Next spring, Republicans will be faced with a serious decision over whether to vote to raise the debt ceiling.
Failing to do so could signal foreign countries that the U.S. plans to default on our debt--an act that would surely have dire economic repercussions.
On the other hand, Tea Party activists -- and other conservatives -- might understandably view such a vote as evidence that Republicans still don’t “get it” -- and that the politicians didn't hear them in November.
So what’s the realistic solution to this conundrum?
In all likelihood, Republicans will have to reluctantly vote to extend the debt ceiling -- but they should not do so without extracting some serious concessions in return.
(Note: I’m not suggesting Republicans get in the business of trading for parochial “goodies” -- I’m instead suggesting they turn a lemon into lemonade for the American people).
Other Republicans are already signaling they agree with this notion.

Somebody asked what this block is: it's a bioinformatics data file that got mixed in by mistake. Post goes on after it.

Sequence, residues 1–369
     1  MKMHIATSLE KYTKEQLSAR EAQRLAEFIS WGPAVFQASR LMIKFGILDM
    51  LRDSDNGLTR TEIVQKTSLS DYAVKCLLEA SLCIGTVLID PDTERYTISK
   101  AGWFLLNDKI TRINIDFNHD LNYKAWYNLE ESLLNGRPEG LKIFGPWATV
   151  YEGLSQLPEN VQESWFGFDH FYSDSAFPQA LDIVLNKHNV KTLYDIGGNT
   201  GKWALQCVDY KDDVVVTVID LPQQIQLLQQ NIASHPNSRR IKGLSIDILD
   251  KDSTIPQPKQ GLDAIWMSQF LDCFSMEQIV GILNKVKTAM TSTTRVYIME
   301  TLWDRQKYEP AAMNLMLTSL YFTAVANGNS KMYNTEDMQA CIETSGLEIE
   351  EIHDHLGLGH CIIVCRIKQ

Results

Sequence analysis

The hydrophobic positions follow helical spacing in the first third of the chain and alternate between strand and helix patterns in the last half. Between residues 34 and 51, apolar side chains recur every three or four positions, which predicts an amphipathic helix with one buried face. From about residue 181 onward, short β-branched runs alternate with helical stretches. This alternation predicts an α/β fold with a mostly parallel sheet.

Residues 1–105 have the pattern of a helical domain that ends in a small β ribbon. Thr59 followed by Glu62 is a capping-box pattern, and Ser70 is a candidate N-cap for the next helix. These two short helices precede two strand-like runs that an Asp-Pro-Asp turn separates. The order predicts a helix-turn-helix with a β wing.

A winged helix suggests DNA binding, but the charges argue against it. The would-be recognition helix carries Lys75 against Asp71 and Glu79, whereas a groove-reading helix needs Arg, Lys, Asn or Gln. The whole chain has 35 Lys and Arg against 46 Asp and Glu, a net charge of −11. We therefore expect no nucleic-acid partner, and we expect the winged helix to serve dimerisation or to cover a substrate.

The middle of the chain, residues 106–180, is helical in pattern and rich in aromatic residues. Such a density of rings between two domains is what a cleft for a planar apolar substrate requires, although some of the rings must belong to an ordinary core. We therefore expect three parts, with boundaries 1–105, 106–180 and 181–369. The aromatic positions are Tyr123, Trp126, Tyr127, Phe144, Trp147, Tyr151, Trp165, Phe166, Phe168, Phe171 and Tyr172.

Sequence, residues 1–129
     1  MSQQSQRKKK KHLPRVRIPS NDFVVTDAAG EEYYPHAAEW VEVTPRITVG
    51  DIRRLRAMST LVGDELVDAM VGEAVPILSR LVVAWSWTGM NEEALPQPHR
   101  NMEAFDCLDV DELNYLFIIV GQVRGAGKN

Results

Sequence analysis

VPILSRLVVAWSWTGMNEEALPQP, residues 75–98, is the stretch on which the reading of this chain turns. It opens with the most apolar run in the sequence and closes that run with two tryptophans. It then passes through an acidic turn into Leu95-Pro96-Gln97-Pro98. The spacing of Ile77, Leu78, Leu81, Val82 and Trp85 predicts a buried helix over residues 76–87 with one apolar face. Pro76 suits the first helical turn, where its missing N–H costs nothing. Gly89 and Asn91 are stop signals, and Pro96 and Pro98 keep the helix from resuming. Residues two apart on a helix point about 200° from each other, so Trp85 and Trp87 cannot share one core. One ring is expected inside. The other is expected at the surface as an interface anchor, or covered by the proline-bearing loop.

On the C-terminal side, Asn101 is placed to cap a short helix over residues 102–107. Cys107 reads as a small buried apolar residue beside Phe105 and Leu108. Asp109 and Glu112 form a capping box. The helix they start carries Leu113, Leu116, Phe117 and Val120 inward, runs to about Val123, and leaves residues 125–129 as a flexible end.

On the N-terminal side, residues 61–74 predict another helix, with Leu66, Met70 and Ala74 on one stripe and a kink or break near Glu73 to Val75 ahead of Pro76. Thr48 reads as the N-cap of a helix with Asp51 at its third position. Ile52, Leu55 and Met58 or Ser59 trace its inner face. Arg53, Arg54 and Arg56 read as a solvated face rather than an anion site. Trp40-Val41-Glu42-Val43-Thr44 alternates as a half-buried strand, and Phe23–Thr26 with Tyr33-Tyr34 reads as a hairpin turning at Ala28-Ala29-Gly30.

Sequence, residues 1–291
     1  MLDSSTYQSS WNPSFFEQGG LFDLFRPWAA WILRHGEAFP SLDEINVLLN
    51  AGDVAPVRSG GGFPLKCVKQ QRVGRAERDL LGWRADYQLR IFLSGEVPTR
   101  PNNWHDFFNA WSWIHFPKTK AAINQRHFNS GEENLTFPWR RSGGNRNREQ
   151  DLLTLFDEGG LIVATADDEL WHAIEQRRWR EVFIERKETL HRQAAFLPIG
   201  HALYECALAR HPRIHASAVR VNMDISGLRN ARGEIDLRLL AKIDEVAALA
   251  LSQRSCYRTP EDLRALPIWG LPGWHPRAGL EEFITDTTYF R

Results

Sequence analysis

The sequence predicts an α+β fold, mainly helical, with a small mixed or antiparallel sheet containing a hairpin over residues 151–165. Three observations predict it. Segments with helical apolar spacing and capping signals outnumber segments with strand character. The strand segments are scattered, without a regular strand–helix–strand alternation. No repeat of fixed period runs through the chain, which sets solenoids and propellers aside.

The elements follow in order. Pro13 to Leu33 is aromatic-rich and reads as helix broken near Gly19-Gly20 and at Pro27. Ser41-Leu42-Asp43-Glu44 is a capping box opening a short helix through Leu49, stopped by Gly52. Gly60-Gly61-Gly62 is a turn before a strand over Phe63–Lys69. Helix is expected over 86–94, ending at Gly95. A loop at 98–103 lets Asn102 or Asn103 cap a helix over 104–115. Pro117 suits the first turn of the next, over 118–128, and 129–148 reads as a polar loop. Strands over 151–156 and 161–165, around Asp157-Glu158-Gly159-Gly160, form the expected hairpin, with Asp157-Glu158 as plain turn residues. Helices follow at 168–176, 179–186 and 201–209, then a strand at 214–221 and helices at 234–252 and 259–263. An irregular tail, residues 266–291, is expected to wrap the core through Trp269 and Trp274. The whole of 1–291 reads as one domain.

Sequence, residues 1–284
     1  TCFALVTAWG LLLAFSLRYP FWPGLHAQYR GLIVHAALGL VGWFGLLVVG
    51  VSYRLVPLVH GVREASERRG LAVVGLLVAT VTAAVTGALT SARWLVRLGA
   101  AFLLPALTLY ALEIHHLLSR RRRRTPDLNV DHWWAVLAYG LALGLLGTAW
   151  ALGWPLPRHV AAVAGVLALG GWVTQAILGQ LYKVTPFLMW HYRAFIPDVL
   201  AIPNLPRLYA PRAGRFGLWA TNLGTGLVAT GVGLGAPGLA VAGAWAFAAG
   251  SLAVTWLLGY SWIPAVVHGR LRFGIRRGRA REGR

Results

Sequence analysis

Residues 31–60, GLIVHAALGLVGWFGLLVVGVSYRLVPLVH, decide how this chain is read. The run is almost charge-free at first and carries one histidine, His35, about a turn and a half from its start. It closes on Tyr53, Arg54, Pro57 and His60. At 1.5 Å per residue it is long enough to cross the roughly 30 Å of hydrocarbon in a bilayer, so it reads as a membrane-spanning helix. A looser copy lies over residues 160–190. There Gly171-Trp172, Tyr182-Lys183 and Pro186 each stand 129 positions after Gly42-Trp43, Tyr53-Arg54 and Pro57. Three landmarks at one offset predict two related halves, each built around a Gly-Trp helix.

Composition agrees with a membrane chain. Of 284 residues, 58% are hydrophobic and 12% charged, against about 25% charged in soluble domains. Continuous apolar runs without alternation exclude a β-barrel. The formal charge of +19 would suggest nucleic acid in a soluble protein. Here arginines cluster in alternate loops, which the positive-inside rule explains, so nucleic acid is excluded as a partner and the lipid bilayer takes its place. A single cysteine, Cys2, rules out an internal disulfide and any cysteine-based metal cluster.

As The Hill recently reported:
“Incoming House Budget Committee Chairman Paul Ryan (R-Wis.) made clear Thursday he intends to use a vote next spring on raising the debt ceiling to exact spending concessions from the Obama administration and Democrats.”
And on a recent conference call, Rep. Jack Kingston (R-Ga.) reportedly put it this way:
"… you could actually use a modest increase in the debt ceiling to leverage your ability to pass into law lots of long-term stuff that actually would help bring down the debt and the need to ever have to increase it again."
While Reps. Ryan and Kingston appear to be on the right track in arguing Republicans should not give away a debt ceiling vote for free – here’s my modest proposal:
Republicans should agree to raise the debt ceiling only if Democrats also agree to vote for a balanced budget amendment resolution. ?
After all, extracting spending concessions would likely have a short-term impact -- but passing a balanced budget amendment would fundamentally address our nation's addiction to spending indefinitely.
Frankly, there is nothing more important Republicans could do to actually fix the underlying problem with the deficit and the debt than to pass a balanced budget amendment and send it to the states for ratification.